- [To address] sub-standard accommodation for Health Sciences laboratories in a building to be vacated under stage 1 of the Wolverhampton Estates Review.
- [To provide] institutional restructuring utilising high quality multi-function laboratories which is of general potential benefit to the sector.
- [To provide] infrastructure rationalisation with increased utilisation of appropriate accommodation supporting two major regional centres of excellence."*
*These objectives were outlined in the document "Application to the Higher Education Funding Council for England for support from the Restructuring and Collaboration Fund", June 2000. This was a successful application for funding for approximately £1,600,000 of improvements to University Estate; of which this Project comprised £567,000.
2.2 The 'The Assembly' Science Information Technology Facility Sub-project
"The project will provide:
- Streamlined IT facilities for…SAS
- A flexible teaching space
- [Convenience] for staff and students to access IT facilities
- A useful and attractive facility" **
**These objectives were outlined in the document entitled "Project Definition Document: Wetlabs Sub-Project – Hall Conversion to IT Suite", January 2001.
The Post-Occupancy Review analyses the conduct and success of the Project by comparing these objectives against measurable outcomes, in line with the methodology outlined by the HEDQF.
3.1 External Parameters
The Project was initially undertaken in order to streamline facilities for both the Schools of Applied Sciences and Health Sciences to create a number of 'Wet Laboratories' and an adjacent 'Science IT Suite'. The existing provision was deemed ineffective and inadequate. This new facility would fit within a wider strategic plan to enhance the campus estate and to complement other developments undertaken in close proximity as part of Phase 1 of the University's Masterplan.
3.2 Developing the Brief
Representatives from the School of Applied Sciences commented on the fact that the project ran relatively smoothly and this was directly attributed to a continued consultation process between the Project Team and the Clients. The Project Team requested a list of preferred performance specifications from the School. To inform these decisions, the School devolved this request down to each separate Teaching Group within SAS, through a 'Users Group', discussed in more detail below. The requests were then considered by the Project Team who analysed the responses and used these as the basis for the Brief. Consultation with School staff continued throughout the Project and due to this, changes and potential problems were understood and addressed before serious difficulties resulted. It was further noted that this system worked particularly well due to stakeholders clearly understanding their individual role and the roles of the different groups. The Project Team agreed that one of the significant reasons behind the smooth, effective and successful running of the Project was continued consultancy with the clients.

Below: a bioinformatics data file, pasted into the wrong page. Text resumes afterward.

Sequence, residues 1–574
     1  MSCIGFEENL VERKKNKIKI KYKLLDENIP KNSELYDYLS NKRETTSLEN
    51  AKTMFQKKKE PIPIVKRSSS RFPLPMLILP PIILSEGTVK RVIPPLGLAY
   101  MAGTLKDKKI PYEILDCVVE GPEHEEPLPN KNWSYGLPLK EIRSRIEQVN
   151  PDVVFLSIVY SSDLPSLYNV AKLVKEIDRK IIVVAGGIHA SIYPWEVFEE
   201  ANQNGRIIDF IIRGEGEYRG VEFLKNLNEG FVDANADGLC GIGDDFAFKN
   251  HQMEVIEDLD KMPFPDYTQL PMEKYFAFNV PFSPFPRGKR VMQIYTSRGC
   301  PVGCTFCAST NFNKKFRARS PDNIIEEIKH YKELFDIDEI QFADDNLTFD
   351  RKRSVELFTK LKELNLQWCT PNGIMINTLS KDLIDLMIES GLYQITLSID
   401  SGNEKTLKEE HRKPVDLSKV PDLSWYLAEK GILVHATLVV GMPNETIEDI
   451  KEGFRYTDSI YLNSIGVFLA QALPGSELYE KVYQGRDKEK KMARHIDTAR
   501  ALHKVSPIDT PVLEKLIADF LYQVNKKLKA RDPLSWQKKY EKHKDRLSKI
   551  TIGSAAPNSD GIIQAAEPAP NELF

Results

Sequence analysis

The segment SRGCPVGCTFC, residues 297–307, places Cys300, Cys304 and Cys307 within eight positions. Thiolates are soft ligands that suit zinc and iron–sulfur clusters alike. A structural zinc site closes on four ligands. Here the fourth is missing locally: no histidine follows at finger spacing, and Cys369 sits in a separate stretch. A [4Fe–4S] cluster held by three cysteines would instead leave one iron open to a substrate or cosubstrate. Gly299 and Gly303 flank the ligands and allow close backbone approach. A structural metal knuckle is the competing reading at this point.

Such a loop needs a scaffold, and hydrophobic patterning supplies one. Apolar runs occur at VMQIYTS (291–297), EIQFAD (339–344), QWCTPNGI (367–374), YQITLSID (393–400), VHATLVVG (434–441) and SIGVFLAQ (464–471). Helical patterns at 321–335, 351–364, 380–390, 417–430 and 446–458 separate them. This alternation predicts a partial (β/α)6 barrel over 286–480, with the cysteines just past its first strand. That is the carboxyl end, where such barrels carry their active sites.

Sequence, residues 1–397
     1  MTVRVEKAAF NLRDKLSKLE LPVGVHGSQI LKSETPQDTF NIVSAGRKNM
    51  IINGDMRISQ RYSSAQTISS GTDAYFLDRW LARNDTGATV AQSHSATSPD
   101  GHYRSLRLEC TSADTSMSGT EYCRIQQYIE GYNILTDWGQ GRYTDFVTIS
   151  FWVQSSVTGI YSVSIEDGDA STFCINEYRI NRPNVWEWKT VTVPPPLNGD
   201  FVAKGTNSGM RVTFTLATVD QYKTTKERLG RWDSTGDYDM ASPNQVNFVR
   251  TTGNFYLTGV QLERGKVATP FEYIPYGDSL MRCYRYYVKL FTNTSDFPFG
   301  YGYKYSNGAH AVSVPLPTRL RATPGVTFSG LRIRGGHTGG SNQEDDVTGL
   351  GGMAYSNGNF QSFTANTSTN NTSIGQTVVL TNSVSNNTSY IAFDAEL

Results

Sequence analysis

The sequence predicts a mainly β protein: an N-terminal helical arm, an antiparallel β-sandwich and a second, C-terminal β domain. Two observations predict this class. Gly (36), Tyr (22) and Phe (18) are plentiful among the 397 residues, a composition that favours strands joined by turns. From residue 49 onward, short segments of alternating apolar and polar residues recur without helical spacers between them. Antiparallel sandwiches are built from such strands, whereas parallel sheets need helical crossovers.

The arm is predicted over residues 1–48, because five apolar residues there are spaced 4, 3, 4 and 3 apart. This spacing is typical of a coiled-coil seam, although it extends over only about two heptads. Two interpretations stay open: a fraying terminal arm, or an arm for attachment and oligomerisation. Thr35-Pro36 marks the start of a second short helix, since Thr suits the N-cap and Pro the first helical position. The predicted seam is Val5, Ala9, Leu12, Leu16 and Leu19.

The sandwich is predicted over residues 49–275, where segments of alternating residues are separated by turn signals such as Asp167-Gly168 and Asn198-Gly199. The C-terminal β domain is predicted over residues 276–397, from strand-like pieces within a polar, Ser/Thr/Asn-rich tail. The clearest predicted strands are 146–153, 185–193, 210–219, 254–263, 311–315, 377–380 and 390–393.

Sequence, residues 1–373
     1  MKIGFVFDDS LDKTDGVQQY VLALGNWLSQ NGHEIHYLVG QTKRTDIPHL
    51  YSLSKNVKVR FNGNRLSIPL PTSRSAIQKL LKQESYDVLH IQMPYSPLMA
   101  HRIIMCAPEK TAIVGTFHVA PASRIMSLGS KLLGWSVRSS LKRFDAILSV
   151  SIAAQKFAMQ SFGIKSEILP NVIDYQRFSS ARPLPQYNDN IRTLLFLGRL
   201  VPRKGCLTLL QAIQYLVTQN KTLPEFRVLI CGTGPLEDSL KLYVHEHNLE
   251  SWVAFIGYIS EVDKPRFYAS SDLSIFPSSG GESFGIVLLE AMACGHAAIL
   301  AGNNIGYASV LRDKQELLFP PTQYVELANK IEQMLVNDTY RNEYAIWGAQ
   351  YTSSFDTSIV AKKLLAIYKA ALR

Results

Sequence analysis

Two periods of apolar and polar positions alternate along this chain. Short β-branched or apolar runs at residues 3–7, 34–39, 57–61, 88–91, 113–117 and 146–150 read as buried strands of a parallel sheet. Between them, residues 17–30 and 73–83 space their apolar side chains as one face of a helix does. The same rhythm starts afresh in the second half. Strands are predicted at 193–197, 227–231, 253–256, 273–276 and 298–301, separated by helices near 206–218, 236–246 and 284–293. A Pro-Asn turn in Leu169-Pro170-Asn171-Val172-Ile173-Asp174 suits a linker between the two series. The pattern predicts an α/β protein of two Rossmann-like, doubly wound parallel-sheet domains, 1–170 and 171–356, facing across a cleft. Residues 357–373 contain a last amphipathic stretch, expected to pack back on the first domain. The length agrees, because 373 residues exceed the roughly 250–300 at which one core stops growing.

The 'User Group' was convened by the School of Applied Sciences and chaired by the Dean of School. This 'User Group' not only informed much of the Brief in its development stages, but also monitored progress throughout the project. The steer that this group offered ensured a user input into the project, and the strong management of the group offered a cohesive and unified voice from the users. In the forums, the existence of a 'User Group' and its strong management was highlighted as being a reason behind the positive feedback from clients about the completed facility. The Forums highlighted the benefit of consultancy with the clients being enhanced by a well-managed 'User Group'.